Silver Chips Online

Maryland laws are a go

Driving laws focus on teen safety with no strings attached

By Charles Kong, Online Op/Ed Editor
November 5, 2008
In an attempt to improve teenage driving safety once again, the Maryland General Assembly has passed three laws that took effect in October. These laws increase the length of validity of a learner's permit to two years, require every student driver to have a learner's permit when driving on Maryland roads and allow parents or guardians to be notified when their underage driver receives any moving violation.
Caitlin Daitch


Unlike previous changes that have limited the freedoms of teen drivers, the new driving laws offer no major restrictions at all while understanding the importance of effective enforcement of teen driving safety. The strength of these laws lies in their ability to encourage beneficial practices to curb teen driving safety without resorting to unnecessary measures. No more raising the minimum age to drive. No more prohibiting cell phone use at the wheel. No more pushing forward the curfew time. No more requiring months before one can drive others. The laws achieve a perfect balance between leniency and sternness.

Teen drivers do not have sufficient experience to handle the daunting task of driving, according to the National Highway Traffic Safety Administration. In fact, per mile driven, teen drivers ages 16 to 19 are four times more likely than older drivers to crash. Research shows that teenagers continue to improve their driving for at least two years, so increasing the validity of a learner's permit by one year is an effective way to give inexperienced drivers the time they need to acquire the necessary skills to drive safely. This also gives parents more time to evaluate their teen's progress. Plus, drivers can wait another year before having to retake the law test and pay the additional fees to renew their permit. "We want to encourage more parental involvement with their son or daughter to take ample time to properly practice and learn to drive," said John Kuo, Administrator of the Maryland Motor Vehicle Administration (MVA), on the Maryland Department of Transportation web site. "Since the majority of learner's permit holders are teens, if a parent feels his or her child is not ready after a year of preparation, the permit will still be valid for another full year without the need to retest or pay the associated fees for an additional year."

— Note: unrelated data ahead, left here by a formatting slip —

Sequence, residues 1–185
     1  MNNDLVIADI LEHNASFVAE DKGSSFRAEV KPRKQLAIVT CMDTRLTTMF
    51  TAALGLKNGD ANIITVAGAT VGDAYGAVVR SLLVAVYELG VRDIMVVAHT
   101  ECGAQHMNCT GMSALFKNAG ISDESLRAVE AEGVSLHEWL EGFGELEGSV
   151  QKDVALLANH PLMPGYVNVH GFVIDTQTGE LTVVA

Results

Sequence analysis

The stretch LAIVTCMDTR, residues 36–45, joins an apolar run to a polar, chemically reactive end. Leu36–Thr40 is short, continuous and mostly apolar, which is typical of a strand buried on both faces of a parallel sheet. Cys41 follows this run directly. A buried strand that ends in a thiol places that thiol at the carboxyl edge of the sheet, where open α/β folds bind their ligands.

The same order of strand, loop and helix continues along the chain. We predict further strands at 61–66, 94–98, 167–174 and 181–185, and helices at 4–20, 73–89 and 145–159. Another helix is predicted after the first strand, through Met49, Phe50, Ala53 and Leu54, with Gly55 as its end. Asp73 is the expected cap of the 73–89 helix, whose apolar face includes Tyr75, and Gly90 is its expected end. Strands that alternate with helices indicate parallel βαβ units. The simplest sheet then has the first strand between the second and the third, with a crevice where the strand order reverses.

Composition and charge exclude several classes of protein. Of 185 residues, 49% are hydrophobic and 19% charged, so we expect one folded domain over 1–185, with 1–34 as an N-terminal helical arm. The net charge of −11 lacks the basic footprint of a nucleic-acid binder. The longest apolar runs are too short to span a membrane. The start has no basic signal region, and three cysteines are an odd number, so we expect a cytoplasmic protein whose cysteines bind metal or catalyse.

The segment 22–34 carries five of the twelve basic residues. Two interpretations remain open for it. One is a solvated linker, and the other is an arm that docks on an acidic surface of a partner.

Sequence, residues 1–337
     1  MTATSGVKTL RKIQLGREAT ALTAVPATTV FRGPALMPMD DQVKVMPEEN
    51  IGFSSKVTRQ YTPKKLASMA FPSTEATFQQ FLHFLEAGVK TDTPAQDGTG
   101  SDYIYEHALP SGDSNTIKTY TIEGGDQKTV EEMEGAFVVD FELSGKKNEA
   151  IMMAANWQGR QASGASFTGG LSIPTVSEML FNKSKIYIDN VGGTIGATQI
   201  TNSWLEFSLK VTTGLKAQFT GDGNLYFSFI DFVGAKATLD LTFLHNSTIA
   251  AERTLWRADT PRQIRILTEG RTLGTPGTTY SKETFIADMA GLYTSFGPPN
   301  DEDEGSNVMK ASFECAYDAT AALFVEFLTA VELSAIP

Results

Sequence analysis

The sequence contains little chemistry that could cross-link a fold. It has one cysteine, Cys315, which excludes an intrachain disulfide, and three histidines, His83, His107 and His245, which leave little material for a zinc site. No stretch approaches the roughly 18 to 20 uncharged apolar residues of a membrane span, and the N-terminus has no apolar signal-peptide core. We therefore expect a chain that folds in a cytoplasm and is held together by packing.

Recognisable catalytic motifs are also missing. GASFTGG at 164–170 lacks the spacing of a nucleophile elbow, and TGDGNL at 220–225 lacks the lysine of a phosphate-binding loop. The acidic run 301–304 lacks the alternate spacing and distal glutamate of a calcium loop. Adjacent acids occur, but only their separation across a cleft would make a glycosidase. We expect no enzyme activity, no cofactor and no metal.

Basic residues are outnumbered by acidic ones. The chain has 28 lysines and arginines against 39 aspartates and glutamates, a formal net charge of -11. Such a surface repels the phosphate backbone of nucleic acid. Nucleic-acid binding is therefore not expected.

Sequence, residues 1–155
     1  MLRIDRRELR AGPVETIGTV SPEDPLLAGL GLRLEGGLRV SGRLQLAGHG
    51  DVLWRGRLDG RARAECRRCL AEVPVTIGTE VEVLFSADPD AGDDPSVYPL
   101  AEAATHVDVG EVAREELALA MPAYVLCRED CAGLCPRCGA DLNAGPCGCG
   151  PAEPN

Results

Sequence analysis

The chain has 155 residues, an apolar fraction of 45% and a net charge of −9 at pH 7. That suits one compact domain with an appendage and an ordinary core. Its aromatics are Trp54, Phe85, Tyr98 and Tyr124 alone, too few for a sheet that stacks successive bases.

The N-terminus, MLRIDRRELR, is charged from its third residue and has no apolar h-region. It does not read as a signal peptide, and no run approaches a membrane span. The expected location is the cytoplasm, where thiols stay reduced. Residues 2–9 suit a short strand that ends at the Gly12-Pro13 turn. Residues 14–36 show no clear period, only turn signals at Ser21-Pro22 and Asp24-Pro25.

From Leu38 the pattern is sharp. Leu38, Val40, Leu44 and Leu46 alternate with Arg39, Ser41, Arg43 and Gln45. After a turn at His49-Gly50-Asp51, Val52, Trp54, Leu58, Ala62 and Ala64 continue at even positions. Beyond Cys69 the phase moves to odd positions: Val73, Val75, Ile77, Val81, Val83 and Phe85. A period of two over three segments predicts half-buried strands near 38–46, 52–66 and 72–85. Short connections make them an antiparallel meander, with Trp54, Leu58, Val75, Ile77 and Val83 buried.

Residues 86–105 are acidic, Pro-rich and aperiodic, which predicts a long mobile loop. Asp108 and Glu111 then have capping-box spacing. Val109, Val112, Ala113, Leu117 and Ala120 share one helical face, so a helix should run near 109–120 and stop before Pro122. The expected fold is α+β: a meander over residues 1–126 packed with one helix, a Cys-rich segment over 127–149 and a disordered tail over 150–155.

The rule that requires every student driver to have a permit when driving on Maryland roads does not impose a major burden, if any at all. In the past, student drivers did not need to have a permit if they were driving with a certified instructor. Logically speaking, there is no reason why a person should drive without obtaining the permission to drive first. After a prospective driver finishes driving school, he or she should be ready to take the permit test before beginning the in-car sessions. The new law only forces drivers to pass the test sooner rather than later.

Similarly, although some teens may feel strongly against the policy requiring the MVA to notify a parent or guardian when they receive tickets for traffic violations, this law is only a simple addition to the previous Maryland Vehicle law, which notified a parent or guardian when a minor received a speeding ticket of at least 20 miles per hour over the maximum speed limit. Yet regardless of what the official policy is, the parents should still be responsible for whatever happens to their teen driver. The driver must be held accountable for his or her actions, and the parents are the only people who can ensure that their teens undergo the proper consequences.

Teen safety has always been of utmost importance, and these new laws are well-meaning efforts to decrease teen crashes and fatality even more, allowing teen drivers to gain more experience and discipline before facing the challenges of the real world.

http://silverchips.mbhs.edu/story/8748